Located more than 2,500 meters (8,000 feet) above sea level is Bogota, the high-altitude capital city of Colombia. Bogota is far larger than most people imagine, comparable in size to metropolises like New York City and Mexico City. Within Bogota, you’ll find plenty of fascinating sights. From the historic neighborhood of La Candelaria to the panoramic views of the Cerro de Monserrate, here are some of the top tourist attractions in Bogota that you definitely won’t want to miss.
Santa Clara is one of the oldest churches in all of Colombia, and its interior is also one of the most extravagantly decorated. Built over a 50-year span in the 17th century, the church is filled with ornate features such as a barrel vault ceiling painted in a gold floral motif and nearly 150 sculptures and paintings of saints decorating the building’s walls. The church is now owned by the Colombian government, and it has been transformed into a museum. Although there are plenty of beautiful churches to be seen in and around Bogota, the Museo Santa Clara is definitely a must-see landmark in the city.
In Northern Bogota, in the district of Chapinero, you’ll find Parque 93. Also known as Parque de la 93, this is considered to be the hotspot for dining and nightlife in Bogota. During the day, Parque 93 is an excellent place to sightsee, take a stroll or just enjoy the sunshine at the park itself. There are frequent music and art festivals within the park, not to mention an abundance of rotating public art installations. In the evenings, cosmopolitan locals and international travelers alike gravitate to the trendy cafes and bustling nightlife venues, and it is a great place to have a drink and mingle.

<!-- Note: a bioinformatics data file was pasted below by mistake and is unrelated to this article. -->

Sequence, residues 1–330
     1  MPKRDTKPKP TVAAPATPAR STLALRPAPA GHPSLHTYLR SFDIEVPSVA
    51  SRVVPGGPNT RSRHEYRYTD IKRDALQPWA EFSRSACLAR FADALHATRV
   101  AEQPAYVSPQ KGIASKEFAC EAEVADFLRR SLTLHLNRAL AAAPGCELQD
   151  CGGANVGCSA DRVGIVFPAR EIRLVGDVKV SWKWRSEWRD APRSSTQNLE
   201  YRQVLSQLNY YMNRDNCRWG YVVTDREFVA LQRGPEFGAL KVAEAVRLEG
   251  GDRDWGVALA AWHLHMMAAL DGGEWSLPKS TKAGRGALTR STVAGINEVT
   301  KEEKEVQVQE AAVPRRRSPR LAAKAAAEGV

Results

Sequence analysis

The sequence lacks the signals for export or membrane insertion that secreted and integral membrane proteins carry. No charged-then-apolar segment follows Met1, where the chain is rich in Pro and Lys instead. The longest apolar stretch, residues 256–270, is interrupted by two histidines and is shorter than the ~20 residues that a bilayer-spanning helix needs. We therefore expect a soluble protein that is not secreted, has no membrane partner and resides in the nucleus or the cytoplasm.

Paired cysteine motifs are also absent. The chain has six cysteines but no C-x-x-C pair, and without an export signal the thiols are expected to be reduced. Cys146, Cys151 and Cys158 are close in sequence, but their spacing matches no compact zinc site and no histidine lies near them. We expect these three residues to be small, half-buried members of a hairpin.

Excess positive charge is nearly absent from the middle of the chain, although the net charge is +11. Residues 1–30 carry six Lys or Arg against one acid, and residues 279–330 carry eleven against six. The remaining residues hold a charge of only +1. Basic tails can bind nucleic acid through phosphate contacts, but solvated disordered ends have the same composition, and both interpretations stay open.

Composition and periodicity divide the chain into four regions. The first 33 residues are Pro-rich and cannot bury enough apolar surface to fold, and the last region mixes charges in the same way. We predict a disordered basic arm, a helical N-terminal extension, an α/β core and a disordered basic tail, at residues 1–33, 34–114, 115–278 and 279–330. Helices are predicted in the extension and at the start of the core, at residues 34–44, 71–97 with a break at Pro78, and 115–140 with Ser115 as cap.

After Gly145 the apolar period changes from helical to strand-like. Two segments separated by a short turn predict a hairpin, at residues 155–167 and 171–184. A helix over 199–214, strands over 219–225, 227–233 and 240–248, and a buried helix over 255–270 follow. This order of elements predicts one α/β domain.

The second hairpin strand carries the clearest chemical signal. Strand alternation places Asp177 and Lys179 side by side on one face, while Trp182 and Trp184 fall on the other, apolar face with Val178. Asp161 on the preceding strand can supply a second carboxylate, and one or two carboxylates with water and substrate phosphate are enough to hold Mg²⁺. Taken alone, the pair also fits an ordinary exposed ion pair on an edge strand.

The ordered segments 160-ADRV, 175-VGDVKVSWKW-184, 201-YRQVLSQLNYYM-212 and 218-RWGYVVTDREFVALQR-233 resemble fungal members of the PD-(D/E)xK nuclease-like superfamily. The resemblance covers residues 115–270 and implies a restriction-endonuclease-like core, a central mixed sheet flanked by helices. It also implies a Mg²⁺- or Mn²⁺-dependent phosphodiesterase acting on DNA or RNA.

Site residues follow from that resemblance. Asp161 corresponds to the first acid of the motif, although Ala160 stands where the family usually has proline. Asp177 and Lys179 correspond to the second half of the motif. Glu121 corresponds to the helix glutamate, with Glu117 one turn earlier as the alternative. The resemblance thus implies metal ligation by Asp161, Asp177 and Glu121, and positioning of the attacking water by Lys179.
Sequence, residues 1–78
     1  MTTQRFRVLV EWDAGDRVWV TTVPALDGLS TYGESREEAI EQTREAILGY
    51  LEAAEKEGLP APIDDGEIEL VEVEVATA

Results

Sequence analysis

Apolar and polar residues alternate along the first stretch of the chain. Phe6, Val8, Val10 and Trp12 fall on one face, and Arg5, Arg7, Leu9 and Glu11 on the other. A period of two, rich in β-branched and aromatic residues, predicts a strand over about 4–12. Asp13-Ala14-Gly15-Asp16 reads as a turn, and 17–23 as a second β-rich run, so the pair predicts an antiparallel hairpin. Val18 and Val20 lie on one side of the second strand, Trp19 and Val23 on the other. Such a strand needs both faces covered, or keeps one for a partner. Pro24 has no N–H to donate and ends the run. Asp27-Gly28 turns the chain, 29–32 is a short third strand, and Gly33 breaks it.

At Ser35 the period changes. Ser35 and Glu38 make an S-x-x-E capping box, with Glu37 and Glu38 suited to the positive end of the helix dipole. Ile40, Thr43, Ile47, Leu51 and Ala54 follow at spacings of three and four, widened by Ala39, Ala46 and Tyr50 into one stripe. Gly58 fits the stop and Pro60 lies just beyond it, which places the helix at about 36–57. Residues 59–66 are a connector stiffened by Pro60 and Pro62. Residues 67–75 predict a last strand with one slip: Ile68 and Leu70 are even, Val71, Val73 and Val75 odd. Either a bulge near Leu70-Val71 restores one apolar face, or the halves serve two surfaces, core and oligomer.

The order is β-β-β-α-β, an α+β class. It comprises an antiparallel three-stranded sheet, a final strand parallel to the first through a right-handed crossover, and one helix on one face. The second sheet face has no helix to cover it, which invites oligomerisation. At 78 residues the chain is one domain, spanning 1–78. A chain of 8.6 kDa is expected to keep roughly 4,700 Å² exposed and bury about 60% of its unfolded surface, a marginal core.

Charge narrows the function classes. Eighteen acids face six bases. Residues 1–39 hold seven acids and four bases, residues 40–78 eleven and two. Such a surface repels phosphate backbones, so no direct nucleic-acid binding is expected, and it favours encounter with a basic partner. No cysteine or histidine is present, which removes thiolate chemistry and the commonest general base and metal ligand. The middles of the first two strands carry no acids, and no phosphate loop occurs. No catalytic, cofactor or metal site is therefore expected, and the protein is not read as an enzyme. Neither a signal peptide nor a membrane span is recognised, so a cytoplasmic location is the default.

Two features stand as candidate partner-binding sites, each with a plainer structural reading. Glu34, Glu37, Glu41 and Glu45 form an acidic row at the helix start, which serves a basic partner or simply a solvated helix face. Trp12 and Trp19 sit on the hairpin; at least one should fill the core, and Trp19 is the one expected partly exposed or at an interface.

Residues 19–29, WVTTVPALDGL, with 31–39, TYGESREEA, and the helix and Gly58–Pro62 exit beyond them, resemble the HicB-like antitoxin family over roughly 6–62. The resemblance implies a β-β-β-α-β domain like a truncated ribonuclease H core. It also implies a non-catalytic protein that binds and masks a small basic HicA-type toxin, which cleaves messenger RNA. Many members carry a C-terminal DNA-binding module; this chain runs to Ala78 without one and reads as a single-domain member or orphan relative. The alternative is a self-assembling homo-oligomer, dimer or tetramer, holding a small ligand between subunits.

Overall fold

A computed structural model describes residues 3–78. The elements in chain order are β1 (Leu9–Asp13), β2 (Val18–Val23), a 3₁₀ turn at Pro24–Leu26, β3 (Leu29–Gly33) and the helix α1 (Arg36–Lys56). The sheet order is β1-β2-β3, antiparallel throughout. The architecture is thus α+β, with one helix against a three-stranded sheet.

One of the most important religious landmarks in Bogota is the Iglesia de San Francisco. Built between 1557 and 1621, the building is the oldest surviving church in the city. Since it is located just steps from the famed Museum of Gold, the Iglesia de San Francisco is a popular place to explore. Elaborate Christian artwork decorates the walls, making it more like a religious art gallery than a traditional church. Be sure to spend some time admiring the extraordinary altarpiece from the 17th century, which is gilded in gold and decorated with beautiful details.
The Botanical Gardens of Bogota, also known as the Jardín Botánico José Celestino Mutis, is the largest of its kind in all of Colombia. Founded in 1955, it is an excellent opportunity to admire the staggering numbers of plants and flowers found naturally throughout the country. Walk through rose gardens and medicinal gardens, and then bask in the view of more than 5,000 orchids in one place. Of special significance is the large building containing five rooms, each of which represents a unique climate zone in the country. You can walk through each and see the plants and atmosphere found in each of these Colombian climate zones.
The energetic main square in the heart of Bogota is the Plaza de Bolivar. Surrounding the plaza, you’ll find several historic buildings including neoclassical palaces, government buildings and the largest church in all of Colombia. This destination used to be known as Plaza Mayor, but it was renamed in the 19th century after the military leader Simón Bolívar. The Plaza de Bolivar is the center of the city, and it is what Bogota truly grew around. If you only have the chance to stop at one important destination in Bogota, it should be the Plaza de Bolivar.